SPARQL does not care about whitespace, so we could have crammed the whole graph pattern onto one line instead of putting the curly brackets on separate lines. But it’s easier to read this way, especially when the graph pattern contains more than one triple pattern.

Notice that the triple pattern contains variables (beginning with question marks): ?document and ?person. The variables can take any value that satisfies the pattern. Since there are five triples (subjects connected to objects by predicate arrows) in the solution, we can say that there are five sets of subjects and objects that can be bound to the two variables. The names that we use for the variables are arbitrary. We would get the same result if we used the pattern

{
  ?a dcterms:creator ?b.
}

But it’s easier to keep track of what the variables represent if we use names for them that are descriptive. The predicate dcterms:creator is a compact URI (CURIE) abbreviation of the full URI http://purl.org/dc/terms/creator. In order to use abbreviations such as this, we need to list the abbreviations used in the query in the prolog. There will be an example of this later.
We could have also listed the full URI if we use the angle bracket notation of Turtle:

{
  ?document <http://purl.org/dc/terms/creator> ?person.
}

Here’s what the graph pattern would be for the second example:

{
  ?document dcterms:creator ?person.
  ?document dcterms:title "Let My People Go"@en.
}

Notes:

Restricting by type

A common triple pattern used in graph patterms is to say that a resource must be an instance of a particular class. Since rdf:type is used to indicate a class of which a resource is an instance, we can use rdf:type (or its abbreviation a) as the predicate in a triple patterm. Here’s an example:

{
  ?resource a foaf:Document.
  ?resource rdfs:label ?articleLabel. 
}

In this graph, every core resource has a label, so sorting them out by class is a good way to find the labels of only the articles.

Restricting the pattern to a particular named graph

If the triplestore has many named graphs, we can specify that some triple patterns must occure in a certain named graph, but not others. The following graph pattern only looks for the triple pattern in the graph http://vanderbilt.edu/faculty:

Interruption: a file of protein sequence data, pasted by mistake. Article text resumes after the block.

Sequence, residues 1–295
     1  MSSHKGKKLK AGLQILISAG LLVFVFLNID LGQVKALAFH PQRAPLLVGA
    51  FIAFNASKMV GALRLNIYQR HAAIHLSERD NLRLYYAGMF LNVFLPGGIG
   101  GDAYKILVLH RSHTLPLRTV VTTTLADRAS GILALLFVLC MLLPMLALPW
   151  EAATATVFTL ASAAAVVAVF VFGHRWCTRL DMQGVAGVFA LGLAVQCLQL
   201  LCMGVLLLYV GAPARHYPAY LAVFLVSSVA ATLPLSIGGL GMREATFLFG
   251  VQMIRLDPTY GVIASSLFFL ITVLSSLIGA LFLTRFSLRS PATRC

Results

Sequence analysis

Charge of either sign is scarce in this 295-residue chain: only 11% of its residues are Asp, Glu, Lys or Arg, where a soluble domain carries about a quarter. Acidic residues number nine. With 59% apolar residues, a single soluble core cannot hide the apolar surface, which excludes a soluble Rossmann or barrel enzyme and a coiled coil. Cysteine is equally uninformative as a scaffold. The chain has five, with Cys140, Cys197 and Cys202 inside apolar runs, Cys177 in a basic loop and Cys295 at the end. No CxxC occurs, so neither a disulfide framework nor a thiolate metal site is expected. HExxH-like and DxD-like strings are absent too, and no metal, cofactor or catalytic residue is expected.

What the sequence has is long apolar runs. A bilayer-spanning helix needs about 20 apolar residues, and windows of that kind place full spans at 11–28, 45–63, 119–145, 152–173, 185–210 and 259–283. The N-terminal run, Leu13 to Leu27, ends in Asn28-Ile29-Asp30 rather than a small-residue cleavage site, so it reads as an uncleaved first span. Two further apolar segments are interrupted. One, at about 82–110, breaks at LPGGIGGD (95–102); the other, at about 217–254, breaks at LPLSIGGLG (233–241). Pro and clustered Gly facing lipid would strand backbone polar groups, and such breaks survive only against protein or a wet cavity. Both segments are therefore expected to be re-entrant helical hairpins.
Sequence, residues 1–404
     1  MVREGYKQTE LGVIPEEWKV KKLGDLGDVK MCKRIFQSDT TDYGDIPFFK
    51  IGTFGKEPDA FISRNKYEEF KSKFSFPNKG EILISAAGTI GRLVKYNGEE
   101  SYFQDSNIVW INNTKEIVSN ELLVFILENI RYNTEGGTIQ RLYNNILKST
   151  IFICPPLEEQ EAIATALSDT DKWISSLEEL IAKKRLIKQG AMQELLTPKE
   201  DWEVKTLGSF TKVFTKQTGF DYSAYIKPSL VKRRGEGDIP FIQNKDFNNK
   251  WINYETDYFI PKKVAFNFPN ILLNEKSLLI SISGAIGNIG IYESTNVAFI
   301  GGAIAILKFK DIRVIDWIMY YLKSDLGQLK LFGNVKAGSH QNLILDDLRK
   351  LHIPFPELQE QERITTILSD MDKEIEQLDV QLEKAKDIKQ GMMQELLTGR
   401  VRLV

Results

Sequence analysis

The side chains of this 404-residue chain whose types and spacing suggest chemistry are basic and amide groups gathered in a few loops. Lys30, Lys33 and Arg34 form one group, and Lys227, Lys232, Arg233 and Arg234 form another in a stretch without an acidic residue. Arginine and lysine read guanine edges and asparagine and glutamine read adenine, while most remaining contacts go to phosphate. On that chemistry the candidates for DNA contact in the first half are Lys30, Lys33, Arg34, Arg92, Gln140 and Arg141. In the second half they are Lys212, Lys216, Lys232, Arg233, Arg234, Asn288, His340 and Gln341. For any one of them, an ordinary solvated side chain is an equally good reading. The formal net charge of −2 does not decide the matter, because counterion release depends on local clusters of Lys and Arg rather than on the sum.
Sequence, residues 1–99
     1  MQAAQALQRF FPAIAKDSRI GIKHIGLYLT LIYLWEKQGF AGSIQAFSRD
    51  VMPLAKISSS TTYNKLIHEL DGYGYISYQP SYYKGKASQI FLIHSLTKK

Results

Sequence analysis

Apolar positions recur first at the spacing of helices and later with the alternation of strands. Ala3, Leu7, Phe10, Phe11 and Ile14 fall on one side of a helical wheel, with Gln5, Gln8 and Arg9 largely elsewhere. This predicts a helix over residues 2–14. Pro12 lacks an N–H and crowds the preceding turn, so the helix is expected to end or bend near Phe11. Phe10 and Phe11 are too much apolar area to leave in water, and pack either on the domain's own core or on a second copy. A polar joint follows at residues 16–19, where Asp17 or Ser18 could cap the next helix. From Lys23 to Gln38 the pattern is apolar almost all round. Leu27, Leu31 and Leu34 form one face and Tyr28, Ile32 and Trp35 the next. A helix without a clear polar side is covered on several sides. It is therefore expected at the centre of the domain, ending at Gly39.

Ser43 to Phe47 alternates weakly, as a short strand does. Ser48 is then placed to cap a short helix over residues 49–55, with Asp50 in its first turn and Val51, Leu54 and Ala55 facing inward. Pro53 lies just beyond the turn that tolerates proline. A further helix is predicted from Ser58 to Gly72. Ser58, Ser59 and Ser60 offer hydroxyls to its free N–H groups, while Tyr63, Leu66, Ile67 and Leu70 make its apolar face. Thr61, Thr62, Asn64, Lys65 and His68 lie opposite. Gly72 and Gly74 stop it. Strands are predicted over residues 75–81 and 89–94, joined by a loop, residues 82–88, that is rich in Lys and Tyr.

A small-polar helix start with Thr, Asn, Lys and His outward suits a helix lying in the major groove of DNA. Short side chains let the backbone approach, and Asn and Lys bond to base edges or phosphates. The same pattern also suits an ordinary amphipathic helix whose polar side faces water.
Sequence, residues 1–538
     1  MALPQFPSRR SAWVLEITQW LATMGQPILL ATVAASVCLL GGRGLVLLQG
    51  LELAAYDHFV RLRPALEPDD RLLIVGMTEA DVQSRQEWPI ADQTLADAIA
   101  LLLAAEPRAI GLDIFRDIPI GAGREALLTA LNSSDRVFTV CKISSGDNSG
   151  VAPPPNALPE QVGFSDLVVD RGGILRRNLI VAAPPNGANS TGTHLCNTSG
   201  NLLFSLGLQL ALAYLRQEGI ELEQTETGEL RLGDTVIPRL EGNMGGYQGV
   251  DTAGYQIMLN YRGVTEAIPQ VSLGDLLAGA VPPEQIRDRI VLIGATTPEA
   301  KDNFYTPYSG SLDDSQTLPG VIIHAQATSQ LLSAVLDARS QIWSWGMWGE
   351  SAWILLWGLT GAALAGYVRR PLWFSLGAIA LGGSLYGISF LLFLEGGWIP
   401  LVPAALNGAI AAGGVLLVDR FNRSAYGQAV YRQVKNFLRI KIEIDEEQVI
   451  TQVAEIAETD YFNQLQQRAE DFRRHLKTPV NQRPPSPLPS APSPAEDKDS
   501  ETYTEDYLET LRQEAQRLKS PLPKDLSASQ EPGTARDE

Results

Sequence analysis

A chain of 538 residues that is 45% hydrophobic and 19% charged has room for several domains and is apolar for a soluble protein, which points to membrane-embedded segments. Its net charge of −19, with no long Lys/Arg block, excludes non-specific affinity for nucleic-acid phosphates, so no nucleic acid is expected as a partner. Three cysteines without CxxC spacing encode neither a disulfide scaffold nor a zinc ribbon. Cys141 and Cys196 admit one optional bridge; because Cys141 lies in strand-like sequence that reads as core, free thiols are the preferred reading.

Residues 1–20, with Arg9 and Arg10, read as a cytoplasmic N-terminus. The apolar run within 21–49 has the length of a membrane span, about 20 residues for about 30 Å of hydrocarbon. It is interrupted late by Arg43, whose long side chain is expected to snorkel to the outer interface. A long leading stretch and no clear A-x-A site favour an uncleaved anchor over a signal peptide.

{
GRAPH <http://vanderbilt.edu/faculty> {
    ?person foaf:givenName "Jonathan".
    ?person foaf:familyName "Smith".
    }
}

Triple patterns restricted to a certain graph can be combined with triple patters in a different graph or no specific graph. Here’s an example:

{
  GRAPH <http://bioimages.vanderbilt.edu/people> {?s1 rdf:type ?class.}
  GRAPH <http://vanderbilt.edu/wikidata> {?s2 rdf:type ?class.}
}

This graph pattern restricts ?class to classes that the two graphs have in common.

Restricting conditions with FILTER

There are many conditions that can be used to limit the graph pattern. FILTER sets conditions on the values that can be bound to variables. For example:

{
  ?person foaf:givenName ?firstName.
  FILTER (?firstName != "Steve")
}

would exclude people whose first names were “Steve”. In this example:

{
  ?book dcterms:created ?year.
  FILTER (?year < "1928")
}

?book is restricted to those created before 1928. (Note: in this example, ?year is a plain literal string. Times and dates may also be datatyped, wihch complicates the comparison.)

Here’s a filter that restricts the pattern to titles that have English language tags:

{
  ?book dcterms:title ?name.
  FILTER (langMatches(lang(?name)),"en")
}

The langMatches() function allows the language tag to be generic “en” or a subtag like “en-US”.

Query prologues

The prologue is listed at the start of the query and is used to specify the namespace prefixes that can be used in CURIEs (URI abbreviations). Here are some of the common ones, listed in the format used by SPARQL:

PREFIX rdf: <http://www.w3.org/1999/02/22-rdf-syntax-ns#>
PREFIX rdfs: <http://www.w3.org/2000/01/rdf-schema#>
PREFIX xsd: <http://www.w3.org/2001/XMLSchema#>
PREFIX dc: <http://purl.org/dc/elements/1.1/>
PREFIX dcterms: <http://purl.org/dc/terms/>
PREFIX foaf: <http://xmlns.com/foaf/0.1/>
PREFIX skos: <http://www.w3.org/2004/02/skos/core#>
PREFIX : <http://example.org/>

This form of prolog is used in all of the types of SPARQL queries.

Any abbreviation (including the empty one :) can be used for a namespace. However, the ones listed above are conventionally used (with some variation). The empty namespace abbreviation is often used in examples to indicate that the namespace isn’t important. So it may be assigned to a namespace like http://example.org/.

SELECT SPARQL queries

The SELECT query type simply reports the values of variables that are bound in each solution to the graph pattern. Here’s the form of a SELECT query:

PREFIX dcterms: <http://purl.org/dc/terms/>
SELECT ?book
WHERE